70 JobBridge interns have worked for periods of up to nine months in College since August 2011, Trinity News has learned.
Out of the 70 interns that have commenced internships with Trinity through the programme, 25 are currently active in their placements. To date, only 15 interns have obtained employment within College directly after the end of their internships.
In response to a query from Trinity News last week, the Communications Office said that “the vast majority of interns taken on by Trinity have been in research laboratories located both on campus and in St. James’s Hospital. Trinity College Dublin has mostly hired interns on a ‘Research Assistant’ capacity.”
It stated that interns employed by College have benefitted from working in areas as diverse as the School of Psychology, the Department of Clinical Medicine, the School of Dental Sciences, the Discipline of Radiation Therapy, the Department of Zoology, the GeneSIS project, and Student Counselling.
As Trinity qualifies as a large host organisation, it has been granted a maximum of 200 internship places under the JobBridge programme. Trinity News understands that College has advertised a total of 112 internships out of its quota of 200 positions since August 2011.
The JobBridge scheme was due to come to an end on 30th June, 2013, but has been extended with no current fixed end date. The Department of Social Protection has also recently announced that host organisations in the education sector may take on interns during the summer months if they are in a position to offer a quality internship.
The last JobBridge placement advertised by College was for a nine month administrative internship in the School of Dental Science. According to the post – which was created on 24th February but has since been removed – the successful applicant will gain practical experience in “filing, minute taking,” “multi-tasking, prioritising, organising, attention to detail, computer use,” and “experience of a busy office environment, working to deadlines and managing workloads.”
According to College, however, only a minority of placements are in administration. In most of these cases, it states, “a third level qualification was not necessary within the internship specification”.
The claim is not at odds with past JobBridge adverts uncovered by Trinity News.
In an advert posted in January, for instance, College sought a research assistant in breast cancer to process blood and samples from breast cancer patients in the Department of Surgery at James’s Hospital. The intern was required to have a BSc in biological sciences or a relevant discipline.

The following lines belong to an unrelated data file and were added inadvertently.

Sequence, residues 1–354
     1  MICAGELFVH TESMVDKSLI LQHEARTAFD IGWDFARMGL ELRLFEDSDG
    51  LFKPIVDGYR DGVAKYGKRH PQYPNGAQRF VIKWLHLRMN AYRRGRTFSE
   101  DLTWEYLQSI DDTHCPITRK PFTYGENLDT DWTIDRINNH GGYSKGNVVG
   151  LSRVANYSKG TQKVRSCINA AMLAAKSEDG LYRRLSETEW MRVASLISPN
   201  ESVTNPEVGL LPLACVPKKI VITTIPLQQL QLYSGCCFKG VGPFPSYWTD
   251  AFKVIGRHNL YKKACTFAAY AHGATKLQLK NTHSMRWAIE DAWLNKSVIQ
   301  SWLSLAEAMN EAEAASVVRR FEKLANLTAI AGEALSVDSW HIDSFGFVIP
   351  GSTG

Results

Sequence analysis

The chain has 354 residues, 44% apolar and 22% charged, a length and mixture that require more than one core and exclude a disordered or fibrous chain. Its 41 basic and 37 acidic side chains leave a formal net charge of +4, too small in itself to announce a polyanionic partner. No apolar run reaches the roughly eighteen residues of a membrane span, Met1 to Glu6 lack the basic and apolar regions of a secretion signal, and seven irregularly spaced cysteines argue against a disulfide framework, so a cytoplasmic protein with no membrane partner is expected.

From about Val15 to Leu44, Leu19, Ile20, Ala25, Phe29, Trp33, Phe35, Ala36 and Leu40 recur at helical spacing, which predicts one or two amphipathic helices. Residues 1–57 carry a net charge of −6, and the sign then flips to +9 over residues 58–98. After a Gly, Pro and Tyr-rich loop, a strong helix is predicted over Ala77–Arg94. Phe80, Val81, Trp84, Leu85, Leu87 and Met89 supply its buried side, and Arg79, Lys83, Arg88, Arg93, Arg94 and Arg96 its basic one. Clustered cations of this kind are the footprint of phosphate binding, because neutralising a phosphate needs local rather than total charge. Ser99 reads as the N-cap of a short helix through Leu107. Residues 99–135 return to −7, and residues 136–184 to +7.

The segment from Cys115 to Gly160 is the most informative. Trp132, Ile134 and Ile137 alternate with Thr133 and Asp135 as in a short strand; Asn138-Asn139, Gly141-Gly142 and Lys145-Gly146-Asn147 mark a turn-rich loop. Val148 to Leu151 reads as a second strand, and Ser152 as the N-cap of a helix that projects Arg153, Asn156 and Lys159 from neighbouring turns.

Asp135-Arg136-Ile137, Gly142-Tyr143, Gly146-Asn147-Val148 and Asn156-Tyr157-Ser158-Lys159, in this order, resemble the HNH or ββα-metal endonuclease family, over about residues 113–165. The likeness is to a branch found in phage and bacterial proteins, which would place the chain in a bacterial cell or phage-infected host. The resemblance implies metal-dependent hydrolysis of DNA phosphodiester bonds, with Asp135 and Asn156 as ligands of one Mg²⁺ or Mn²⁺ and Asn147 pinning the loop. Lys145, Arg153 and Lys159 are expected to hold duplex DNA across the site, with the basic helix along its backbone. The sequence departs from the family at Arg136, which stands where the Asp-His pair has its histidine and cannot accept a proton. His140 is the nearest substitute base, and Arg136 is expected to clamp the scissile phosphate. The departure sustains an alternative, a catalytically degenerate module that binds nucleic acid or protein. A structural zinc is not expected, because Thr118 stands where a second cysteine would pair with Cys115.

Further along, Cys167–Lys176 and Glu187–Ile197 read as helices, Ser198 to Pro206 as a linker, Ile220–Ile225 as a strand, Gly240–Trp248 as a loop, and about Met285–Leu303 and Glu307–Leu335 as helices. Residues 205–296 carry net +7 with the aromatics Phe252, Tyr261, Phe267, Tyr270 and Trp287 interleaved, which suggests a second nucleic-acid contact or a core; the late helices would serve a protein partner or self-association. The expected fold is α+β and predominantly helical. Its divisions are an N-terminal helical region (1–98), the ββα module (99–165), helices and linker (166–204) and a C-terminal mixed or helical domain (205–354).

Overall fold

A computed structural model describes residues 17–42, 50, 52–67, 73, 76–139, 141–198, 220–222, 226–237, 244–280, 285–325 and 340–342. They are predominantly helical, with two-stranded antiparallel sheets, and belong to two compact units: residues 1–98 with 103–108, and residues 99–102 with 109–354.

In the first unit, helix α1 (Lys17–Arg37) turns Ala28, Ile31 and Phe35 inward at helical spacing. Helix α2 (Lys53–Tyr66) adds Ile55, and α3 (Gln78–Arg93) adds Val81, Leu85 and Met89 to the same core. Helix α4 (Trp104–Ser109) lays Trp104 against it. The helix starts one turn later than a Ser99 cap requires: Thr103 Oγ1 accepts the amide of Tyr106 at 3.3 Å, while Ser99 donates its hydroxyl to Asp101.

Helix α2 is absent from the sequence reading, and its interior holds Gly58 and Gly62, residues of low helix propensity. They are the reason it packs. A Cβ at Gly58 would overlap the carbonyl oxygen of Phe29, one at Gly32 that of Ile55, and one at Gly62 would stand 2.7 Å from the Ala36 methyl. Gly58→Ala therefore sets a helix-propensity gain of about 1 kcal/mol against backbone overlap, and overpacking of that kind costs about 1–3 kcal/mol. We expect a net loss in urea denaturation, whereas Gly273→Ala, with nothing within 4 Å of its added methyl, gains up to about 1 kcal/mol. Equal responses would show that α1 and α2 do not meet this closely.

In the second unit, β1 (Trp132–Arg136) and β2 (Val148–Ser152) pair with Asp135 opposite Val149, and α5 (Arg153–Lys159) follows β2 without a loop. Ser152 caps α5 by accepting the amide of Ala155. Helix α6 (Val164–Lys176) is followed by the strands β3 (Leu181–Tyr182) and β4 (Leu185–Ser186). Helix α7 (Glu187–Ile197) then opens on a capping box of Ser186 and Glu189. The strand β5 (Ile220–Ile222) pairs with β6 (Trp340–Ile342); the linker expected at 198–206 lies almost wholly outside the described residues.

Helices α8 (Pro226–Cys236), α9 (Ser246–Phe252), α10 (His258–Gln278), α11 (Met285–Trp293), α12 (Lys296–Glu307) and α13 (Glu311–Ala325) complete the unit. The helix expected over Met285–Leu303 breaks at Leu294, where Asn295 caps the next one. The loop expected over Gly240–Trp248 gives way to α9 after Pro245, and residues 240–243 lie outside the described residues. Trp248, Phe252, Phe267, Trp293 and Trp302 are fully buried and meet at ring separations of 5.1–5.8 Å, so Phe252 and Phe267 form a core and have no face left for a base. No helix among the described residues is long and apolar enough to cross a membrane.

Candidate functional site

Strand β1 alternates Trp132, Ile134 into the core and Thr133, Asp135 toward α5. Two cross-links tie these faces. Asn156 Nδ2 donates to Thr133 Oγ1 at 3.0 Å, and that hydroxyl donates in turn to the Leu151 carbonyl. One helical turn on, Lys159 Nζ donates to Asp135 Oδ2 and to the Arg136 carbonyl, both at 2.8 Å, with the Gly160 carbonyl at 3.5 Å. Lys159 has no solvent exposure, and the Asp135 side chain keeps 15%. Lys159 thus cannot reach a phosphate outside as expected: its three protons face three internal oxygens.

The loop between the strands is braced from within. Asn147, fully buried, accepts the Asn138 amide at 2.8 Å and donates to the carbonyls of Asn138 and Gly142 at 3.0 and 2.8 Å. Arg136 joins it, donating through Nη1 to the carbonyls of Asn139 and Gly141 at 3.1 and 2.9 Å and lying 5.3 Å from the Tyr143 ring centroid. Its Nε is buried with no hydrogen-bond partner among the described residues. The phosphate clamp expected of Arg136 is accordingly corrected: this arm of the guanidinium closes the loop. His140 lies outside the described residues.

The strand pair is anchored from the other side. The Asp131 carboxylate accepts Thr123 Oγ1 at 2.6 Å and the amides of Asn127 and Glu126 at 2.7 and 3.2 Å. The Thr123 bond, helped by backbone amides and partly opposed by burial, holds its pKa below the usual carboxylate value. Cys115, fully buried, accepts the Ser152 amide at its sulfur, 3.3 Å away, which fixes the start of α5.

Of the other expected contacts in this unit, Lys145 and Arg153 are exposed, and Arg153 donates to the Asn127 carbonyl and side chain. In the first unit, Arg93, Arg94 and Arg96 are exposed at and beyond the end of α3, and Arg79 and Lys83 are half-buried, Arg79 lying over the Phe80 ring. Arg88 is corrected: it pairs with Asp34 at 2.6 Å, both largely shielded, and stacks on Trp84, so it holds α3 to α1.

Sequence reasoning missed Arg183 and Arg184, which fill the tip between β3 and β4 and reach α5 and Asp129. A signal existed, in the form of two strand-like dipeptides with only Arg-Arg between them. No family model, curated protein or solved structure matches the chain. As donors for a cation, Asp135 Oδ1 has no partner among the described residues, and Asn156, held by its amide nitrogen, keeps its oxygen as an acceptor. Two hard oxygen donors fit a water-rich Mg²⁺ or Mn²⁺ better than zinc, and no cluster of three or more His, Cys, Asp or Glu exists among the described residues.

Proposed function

Another advert for a mental health research associate in August asked that applicants have a third-level degree in health sciences, sociology or psychology.
In February, College sought an unemployed graduate of psychology, social studies, or OT to help run the Parlour Project as part of a “community development” programme. The successful candidate, the advert in question stated, “must be outgoing and tenacious, and will require excellent written and verbal communication, adherence to strict confidentiality policy, ability to design promotional materials ideally, strong interest in volunteer management/community development, flexible approach, and basic MS Office skills.”
In a statement to Trinity News, Caoimhe Ni Lochlainn, Trinity press officer, said that “a substantial number [of interns] went onto outside employment connected to their JobBridge/Trinity experience and the reference they gain, as did a number of interns go onto start scholarships here at Trinity College and elsewhere.”
She said that the experience has been a positive one for both mentors and interns, and cited one mentor as having commented:‘’I think JobBridge is excellent. The interns are committed and keen to learn. As they are working in an environment that promotes education, I think they can really pick up new skills and experience.” The intern this particular mentor worked with “went onto to gain a good internship-related position in an outside organisation”.
Tom Lenihan, SU president, told Trinity News he was shocked by the figures. “Trinity’s role in Irish society should be to lead by example, to employ people in the right way,” he said. “We claim to be re-imagining our identity when what we actually stand for now is the exploitation of workers.”
In a statement to Trinity News, the Department of Social Protection said it could does not comment on the operation of JobBridge with individual host organisations. However, it said: “JobBridge is a voluntary scheme. Interns choose to participate and choose the host organisation they wish to work for. The success of the scheme is entirely dependent upon host organisations offering internship opportunities. However, host organisations may not offer as internship opportunities positions that could otherwise be filled by paid employees. This inevitably means that not all host organisations will employ all of the interns working with them.”
The statement continues: “JobBridge internships are providing effective and high quality real-workplace experience to break the cycle where the unemployed, even those with good vocational or academic qualifications have difficulty securing employment without demonstrable work experience. The exceptional rates of progression into employment, even among public sector interns, show that the benefits of the development and experience that interns gain in public sector host organisations facilitate them in gaining employment either with their host organisation or with another employer. The Department monitors JobBridge internships rigorously to prevent any displacement of paid employment, to ensure that the internship provides appropriate training and development experience, and that appropriate mentoring and support is provided to the intern.”